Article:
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Where Are They Now

Where Are They Now: Jamaal Westerman

Catch Up with the Jets Legend from Rutgers

New York Jets outside linebacker Jamaal Westerman (55) reacts after New England Patriots' Tom Brady (12) is called for a safety during the second quarter of an NFL football game Sunday, Nov. 13, 2011 in East Rutherford, N.J. (AP Photo/Julio Cortez)

Jamaal Westerman wasn't likely on Rex Ryan's speed dial, but the first-year Jets head coach may have known the Rutgers defensive end's phone number by heart by the end of the 2009 NFL Draft.

"I was in constant contact with Rex, and then right before they drafted Matt Slauson in the sixth round, he said, 'We're not going to be able to draft you, but we want to sign you as a free agent,'" Westerman said.

"Looking at what they needed on the defense, I knew they were short on outside linebackers. I knew that it was a good spot from my pre-draft visit. So I looked around the league and they weren't the most money that was offered, but they certainly were the best opportunity for me to go do what I thought I needed to do.

"Plus, it was a New York team. It was 40 minutes away from where I went to college. And my dad's favorite team was the Jets. It kind of all came together right there."

Even though the Jets only had three picks during the draft and used them on offensive players – USC quarterback Mark Sanchez, Iowa running back Shonn Greene and Slauson, a guard from Nebraska – Westerman, a two-time second-team All-Big East selection with 26 career sacks, knew he had his work cut out for him.

"The first thing was just trying to make the team," Westerman said. "They worked me out at the OTAs at outside linebacker. And when I came back for the offseason, the OTAs schedule, they wanted me to learn middle linebacker. And when they put me at Mike [middle] linebacker, backing up Dave Harris, it was like a new world for me."

The first stop in Westerman's new world as an NFL player was in Houston's Reliant Stadium for New York's 2009 season-opening 24-7 victory over the Texans.

"It was funny because I was actually the first rookie to play because I was on special teams. And I think I might have had a penalty on the first play (of the second half), actually, on the kickoff return. I remember (special teams coach Mike) Westhoff was on my ass about something," Westerman laughed.

"But later in that game, I had a sack. Which was amazing to get your first sack in your first NFL game. It was a tremendous game for me because when you think about it, undrafted, I never really understood what it was to make the team as an undrafted player. I didn't understand how difficult it was because I was coming off having a torn bicep (during my senior season at Rutgers). And just having the ability to go play football, I was happy to do that.

"That first game was amazing. I mean, getting a sack, two tackles. I almost started calling home, getting ready for the Pro Bowl, because I figured if I get a sack in the first game, and I get one in every game after that, I've got to be a Pro Bowler."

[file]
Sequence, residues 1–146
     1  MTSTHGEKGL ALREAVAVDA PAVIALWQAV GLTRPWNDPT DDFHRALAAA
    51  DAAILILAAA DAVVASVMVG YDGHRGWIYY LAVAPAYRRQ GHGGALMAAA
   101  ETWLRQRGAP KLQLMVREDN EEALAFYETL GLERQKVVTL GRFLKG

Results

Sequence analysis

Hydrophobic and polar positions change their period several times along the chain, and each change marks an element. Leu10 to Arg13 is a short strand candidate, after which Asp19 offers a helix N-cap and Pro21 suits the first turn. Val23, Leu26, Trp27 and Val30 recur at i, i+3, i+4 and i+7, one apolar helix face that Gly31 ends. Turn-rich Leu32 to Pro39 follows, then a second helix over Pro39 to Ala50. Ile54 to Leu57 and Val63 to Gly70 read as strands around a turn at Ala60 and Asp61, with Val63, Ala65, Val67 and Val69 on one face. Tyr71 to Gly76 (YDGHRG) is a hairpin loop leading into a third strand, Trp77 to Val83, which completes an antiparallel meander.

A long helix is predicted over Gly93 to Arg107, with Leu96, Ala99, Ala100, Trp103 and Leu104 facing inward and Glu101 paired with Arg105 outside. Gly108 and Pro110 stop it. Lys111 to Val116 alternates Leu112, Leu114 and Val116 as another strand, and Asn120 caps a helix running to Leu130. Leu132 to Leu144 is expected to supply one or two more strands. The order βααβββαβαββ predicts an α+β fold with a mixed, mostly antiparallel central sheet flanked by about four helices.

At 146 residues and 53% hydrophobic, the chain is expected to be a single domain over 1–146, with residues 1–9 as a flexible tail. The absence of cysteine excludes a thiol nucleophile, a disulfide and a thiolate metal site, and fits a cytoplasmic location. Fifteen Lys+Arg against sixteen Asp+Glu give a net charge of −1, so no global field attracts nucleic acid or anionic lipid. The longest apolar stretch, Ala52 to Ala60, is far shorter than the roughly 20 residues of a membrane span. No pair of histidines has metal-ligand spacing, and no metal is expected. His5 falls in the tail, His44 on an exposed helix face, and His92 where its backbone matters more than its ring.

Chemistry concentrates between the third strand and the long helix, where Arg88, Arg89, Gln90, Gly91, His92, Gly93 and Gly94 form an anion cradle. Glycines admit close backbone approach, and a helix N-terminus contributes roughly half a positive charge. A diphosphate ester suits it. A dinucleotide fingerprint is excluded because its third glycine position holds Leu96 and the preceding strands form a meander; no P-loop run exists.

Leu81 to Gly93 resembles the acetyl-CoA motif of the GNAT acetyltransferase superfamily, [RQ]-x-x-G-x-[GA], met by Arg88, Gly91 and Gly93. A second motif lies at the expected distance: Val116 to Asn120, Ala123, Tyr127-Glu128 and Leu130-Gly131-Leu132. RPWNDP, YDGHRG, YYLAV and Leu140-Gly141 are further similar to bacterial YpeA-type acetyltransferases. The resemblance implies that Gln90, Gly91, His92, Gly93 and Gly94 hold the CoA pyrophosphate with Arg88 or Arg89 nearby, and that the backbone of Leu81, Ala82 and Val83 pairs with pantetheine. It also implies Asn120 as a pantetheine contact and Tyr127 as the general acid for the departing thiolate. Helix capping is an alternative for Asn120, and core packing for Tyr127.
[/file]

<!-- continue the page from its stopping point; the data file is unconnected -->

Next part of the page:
With the Jets for three seasons, the Brooklyn native played in 36 games and is credited with 49 tackles, four and a half sacks and four fumble recoveries. What are his fondest memories from the Green & White days?

"It was the camaraderie," Westerman said. "We had a good linebacker room with Bart Scott, Dave Harris, Calvin Pace, Bryan Thomas. We had some good coaches: Bob Sutton, Mike Pettine, and all the other coaches. But I think those championship games, going through those, especially the (divisional) one that up in New England (in 2010), playing against that team and what they were at that time, I mean, that was an amazing game (which the Jets won, 28-21)."

After going on to play for Indianapolis, Arizona, Buffalo and Pittsburgh during the 2012 and '13 seasons, and then with Winnipeg in the CFL for four seasons, Westerman chose to follow a second gridiron passion.

"I had great coaches that were able to equip and inspire me. And when I got out of playing football in 2019, I wanted to go into coaching," Westerman said. "So I was at Rutgers working as an assistant defensive line coach. I loved that for that year and the next year, but I wanted to get more into the strength and conditioning part. There aren't many young Black head strength coaches in the collegiate and the NFL level. So I'm trying to work to that level.

"Throughout my NFL career, I know the movements that it takes to play on the field, but I was also a player that got injured. So I went through the process of having to learn how do you come back from certain injuries? What do you have to do to recover, to keep your body healthy and get it back healthy? I found those things very interesting.

"And I feel like the weight room, there's always going to be failure. But failure is kind of fun. You can fail at a rep and then you can get it next week. It's sort of like there is no failure, right? There's only forward progress. It's not just get in there and lift weights. It's also tracking the development. How are their numbers improving?

"And you have the football aspect where you take all of it together with the other parts and the other coaches that come into it, and you have to put that out there on the field. Then there's still the No. 1 thing they're measured by, the wins and the losses.  

"I think Greg Schiano was a tremendous coach for me. And to be able to work underneath him and learn from him, I think that's not only going to help me in strength and conditioning, but wherever my next endeavor is at."

Making his home near the Rutgers campus, Westerman has a daughter, Arielle, 9, and a son, Jrue, 5. And he also has a French bulldog named Gizmo. "I bought him my rookie year with the Jets. I think it was Bob Sutton who told me to buy a dog to stay out of trouble."